Andy Worthington: Well, I live in social housing, Alan, so its survival has always been of major concern to me. I want more of it, and I want it to be available to as many people as possible – secure and genuinely affordable housing, fundmentally created and managed on a not-for-profit basis. So this cynical council estate demolition programme, introduced by Tony Blair and New Labour, championed by the Tories, and also enthusiastically embraced by far too many Labour councils, absolutely enrages me. It’s a land grab, and it’s social cleansing, dispossessing existing social tenants by demolishing their homes, and creating new developments that consist largely of homes for private sale, but also all kinds of allegedly “affordable” rented properties that are no such thing.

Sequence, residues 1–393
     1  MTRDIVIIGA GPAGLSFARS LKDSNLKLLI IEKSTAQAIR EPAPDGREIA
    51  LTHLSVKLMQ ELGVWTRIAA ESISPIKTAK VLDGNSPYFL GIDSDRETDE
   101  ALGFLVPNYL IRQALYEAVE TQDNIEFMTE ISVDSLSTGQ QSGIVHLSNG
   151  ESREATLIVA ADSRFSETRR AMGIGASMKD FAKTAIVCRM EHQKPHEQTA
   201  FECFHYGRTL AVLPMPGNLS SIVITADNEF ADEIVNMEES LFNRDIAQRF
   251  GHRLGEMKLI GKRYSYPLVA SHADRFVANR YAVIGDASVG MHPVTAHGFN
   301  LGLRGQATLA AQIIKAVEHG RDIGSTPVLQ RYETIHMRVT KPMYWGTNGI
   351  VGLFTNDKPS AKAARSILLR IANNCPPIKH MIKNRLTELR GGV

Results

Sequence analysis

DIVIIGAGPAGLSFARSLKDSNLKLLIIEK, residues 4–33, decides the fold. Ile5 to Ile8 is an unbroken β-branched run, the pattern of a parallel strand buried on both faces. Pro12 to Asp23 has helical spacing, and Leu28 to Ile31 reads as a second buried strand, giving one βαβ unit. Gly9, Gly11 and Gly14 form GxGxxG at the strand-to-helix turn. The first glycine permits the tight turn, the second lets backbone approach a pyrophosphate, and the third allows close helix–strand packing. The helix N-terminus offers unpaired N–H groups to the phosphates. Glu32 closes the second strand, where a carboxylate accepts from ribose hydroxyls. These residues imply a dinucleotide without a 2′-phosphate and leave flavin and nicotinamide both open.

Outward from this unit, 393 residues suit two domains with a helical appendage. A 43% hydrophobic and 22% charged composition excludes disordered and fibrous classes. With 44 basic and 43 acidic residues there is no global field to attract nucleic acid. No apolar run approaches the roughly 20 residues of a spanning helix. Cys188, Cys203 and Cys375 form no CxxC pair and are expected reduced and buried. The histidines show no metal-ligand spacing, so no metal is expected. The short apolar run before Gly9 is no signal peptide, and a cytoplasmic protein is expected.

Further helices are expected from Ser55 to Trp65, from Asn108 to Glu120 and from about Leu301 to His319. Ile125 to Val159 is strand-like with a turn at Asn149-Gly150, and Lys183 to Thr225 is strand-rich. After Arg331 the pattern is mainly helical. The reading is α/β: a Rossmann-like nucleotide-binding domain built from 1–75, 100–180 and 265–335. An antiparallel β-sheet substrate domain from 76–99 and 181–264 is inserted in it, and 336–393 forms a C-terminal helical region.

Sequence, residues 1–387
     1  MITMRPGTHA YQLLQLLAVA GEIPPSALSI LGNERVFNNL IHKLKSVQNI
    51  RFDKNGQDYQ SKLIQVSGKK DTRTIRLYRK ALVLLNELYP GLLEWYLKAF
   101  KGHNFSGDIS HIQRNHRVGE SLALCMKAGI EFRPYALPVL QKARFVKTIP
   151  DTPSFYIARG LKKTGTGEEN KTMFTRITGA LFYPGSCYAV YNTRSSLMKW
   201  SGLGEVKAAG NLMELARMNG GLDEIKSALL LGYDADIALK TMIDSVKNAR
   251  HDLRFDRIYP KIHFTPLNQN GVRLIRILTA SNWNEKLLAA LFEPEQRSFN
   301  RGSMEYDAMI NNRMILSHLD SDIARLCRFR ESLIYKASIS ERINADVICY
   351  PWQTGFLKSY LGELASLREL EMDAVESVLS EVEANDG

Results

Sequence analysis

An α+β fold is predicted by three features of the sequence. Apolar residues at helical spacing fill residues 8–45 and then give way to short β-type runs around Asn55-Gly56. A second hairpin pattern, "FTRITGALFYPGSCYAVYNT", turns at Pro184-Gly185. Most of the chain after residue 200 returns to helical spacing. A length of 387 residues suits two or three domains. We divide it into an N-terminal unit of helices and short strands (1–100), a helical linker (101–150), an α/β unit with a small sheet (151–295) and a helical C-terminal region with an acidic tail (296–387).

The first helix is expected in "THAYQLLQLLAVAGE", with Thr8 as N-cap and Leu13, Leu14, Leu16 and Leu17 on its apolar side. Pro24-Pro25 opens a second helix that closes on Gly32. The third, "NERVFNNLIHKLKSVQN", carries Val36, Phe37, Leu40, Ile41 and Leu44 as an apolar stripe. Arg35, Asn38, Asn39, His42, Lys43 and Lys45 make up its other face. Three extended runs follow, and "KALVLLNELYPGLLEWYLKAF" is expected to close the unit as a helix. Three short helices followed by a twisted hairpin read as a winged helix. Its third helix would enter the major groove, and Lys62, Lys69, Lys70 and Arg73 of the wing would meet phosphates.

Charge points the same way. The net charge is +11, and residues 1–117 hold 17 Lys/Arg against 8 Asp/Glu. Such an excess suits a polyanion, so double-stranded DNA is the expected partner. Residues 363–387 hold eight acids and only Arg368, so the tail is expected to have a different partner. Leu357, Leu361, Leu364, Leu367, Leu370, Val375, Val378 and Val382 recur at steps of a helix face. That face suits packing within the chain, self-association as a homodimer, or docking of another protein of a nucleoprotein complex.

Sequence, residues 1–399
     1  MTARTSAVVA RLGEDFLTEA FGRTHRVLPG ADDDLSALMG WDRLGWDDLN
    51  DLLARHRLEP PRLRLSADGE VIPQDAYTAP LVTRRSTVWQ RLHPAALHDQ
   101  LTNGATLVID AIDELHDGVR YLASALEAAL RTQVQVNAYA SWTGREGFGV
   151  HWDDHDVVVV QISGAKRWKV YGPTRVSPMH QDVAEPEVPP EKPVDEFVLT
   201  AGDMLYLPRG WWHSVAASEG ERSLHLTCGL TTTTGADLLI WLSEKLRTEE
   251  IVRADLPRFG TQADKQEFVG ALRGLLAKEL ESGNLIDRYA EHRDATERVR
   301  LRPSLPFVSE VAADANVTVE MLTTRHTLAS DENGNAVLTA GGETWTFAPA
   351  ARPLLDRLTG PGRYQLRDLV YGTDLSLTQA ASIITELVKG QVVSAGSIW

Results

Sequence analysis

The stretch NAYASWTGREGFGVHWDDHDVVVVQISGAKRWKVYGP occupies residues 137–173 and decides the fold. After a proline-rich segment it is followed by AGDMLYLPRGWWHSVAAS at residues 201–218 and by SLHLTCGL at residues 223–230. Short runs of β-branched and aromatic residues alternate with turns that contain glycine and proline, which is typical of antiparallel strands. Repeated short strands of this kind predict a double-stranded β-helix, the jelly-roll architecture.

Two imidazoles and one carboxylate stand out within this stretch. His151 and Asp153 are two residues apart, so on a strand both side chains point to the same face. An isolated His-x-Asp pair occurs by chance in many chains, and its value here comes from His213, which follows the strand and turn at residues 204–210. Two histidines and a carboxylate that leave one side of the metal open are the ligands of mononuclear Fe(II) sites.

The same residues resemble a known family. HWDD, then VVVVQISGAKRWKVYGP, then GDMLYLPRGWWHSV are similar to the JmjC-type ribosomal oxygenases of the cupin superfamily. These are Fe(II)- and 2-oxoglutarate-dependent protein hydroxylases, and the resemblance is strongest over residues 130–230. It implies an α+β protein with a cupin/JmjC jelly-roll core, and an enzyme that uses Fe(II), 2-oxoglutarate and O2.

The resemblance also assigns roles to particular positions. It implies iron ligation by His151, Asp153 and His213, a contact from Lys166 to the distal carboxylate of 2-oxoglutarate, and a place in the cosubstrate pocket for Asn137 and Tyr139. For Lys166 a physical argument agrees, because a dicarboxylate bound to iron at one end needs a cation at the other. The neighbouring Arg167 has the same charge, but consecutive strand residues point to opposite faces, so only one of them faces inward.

This war on social housing has been going on for two decades now, and while I had spent some time writing about it when I could, it wasn’t until the Grenfell Tower fire in June 2017 that I realised that the contempt in which social tenants are held by the entire bureaucracy of social housing meant that our very lives are at risk. That was a turning point for me. I then became acutely aware of housing issues in the Borough of Lewisham, where I live, and soon came across campaigners for the Old Tidemill Wildlife Garden in Deptford, which I knew about, but had not previously been involved with.